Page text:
• Can my employer listen to my phone calls at work?

    • unannounced monitoring for business-related calls? Yes (Electronic Communications Privacy Act)

    • personal calls? No (Watkins v. L.M. Berry & Co., 1983)

    • headset conversations with co-workers? Yes

  • Can my employer obtain a record of my phone calls?

    • Yes (pen register)

  • What about my employer's promises regarding workplace privacy issues. Are they legally binding?

    • generally, yes.

    • exception: investigations for wrong-doing

  • Used to measure employee performance

Keystroke monitoring
Keystroke Monitoring

  • Is my employer allowed to see what is on my terminal while I am working?

    • generally, yes.

    • since the employer owns the computer network and the terminals, she is free to use them to monitor employees

    • law favors employer property rights over employee privacy rights

  • Used to measure employee performance, uncover employee crimes, and protect the work environment

Keystroke monitoring1
Keystroke Monitoring

  • The Case of Newport Electronics (fictitious)

    • Julie is a great salesperson just promoted

    • Her friend is a secretary in marketing who was fired for a relationship with an executive

    • Julie sat at her computer and wrote a nasty letter:

    • “I am writing to protest your recent handling of the Patricia C. situation. She has been shabbily treated in a one-sided and sexist decision making process. You should be ashamed of your conduct in this matter. How can you justify firing her and letting Mr. X remain in his position… ”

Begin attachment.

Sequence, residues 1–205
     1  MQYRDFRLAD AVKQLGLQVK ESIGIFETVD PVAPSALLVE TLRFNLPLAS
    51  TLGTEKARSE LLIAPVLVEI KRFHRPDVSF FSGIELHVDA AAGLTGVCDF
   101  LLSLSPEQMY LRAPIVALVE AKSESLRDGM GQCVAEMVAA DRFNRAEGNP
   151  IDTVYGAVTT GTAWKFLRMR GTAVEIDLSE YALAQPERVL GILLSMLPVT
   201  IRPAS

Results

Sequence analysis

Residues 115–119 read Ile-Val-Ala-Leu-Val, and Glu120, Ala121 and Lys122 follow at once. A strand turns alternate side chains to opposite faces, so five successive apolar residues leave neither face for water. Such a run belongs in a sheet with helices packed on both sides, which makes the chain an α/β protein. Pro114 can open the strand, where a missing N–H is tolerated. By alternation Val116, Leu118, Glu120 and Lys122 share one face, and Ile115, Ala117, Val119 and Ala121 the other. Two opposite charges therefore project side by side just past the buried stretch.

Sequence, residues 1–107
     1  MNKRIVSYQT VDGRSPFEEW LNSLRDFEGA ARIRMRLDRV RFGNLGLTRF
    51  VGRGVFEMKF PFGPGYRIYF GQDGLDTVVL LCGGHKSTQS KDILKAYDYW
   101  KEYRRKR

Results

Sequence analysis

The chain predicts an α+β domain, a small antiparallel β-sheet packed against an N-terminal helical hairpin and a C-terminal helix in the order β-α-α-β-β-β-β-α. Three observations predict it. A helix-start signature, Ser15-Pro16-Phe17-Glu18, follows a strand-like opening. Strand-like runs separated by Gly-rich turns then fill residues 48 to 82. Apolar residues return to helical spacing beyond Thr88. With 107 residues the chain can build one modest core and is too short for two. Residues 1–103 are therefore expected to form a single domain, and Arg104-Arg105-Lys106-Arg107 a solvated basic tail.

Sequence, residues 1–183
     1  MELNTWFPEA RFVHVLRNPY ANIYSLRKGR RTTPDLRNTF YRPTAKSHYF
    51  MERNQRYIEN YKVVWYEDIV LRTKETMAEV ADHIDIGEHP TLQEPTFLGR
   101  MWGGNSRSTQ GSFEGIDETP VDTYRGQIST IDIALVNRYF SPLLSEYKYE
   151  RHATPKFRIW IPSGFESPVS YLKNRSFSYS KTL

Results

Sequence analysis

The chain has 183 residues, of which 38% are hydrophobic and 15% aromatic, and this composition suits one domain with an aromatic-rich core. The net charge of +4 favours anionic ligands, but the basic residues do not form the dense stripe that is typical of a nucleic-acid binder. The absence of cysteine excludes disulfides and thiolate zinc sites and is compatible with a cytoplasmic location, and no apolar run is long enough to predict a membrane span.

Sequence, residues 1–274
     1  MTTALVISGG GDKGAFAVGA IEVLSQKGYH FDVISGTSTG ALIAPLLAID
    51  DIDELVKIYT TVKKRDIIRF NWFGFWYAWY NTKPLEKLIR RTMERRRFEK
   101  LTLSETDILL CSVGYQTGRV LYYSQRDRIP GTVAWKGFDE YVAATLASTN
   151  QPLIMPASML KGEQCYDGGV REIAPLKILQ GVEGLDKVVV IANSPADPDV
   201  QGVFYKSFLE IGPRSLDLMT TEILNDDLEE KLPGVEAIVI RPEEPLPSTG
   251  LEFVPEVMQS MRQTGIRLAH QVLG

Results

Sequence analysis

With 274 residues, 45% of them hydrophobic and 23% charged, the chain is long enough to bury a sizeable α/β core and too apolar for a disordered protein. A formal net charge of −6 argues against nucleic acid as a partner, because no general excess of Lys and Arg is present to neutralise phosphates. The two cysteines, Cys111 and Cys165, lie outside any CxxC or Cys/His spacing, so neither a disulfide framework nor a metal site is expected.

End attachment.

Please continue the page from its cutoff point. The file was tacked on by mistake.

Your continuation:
• She then decided to stop the letter, did not send it, and deleted it.

    • The company had installed a keystroke monitoring software – iNVESTIGATE – that tracks all keystrokes

    • She was fired

    • She sued – said that Newport Electronics said all computers activities were monitored but it did not say every keystroke (even deletions) were monitored

    • Has Julie been treated fairly? Why or why not? Is this a case of “wrongful termination”? Is iNVESTIGATE unethical? Can this be used responsibly?

Location monitoring
Location Monitoring

  • Nurses

    • Smart IDs

  • Companies with fleets of vehicles

    • Late 1980s - satellite tracking systems on long-haul trucks to track location, rate of speed, length of rests, when driver turns on headlights

      • Benefits:

        • better planning of deliveries

        • don’t waste time at public phones to check in

        • communication about schedule changes, traffic and weather conditions

        • data on speed and rest stops improves safety

        • trucks with valuable goods are target for theft and more easily found (100s of stolen trucks found cause thieves didn’t know about tracking devices)

        • reduces insurance rates, overtime costs, workers’ compensation

      • Problems

        • Truckers see it as Big Brother and an invasion of privacy

        • wrapped foil over the device transistors or took rest stops under bridges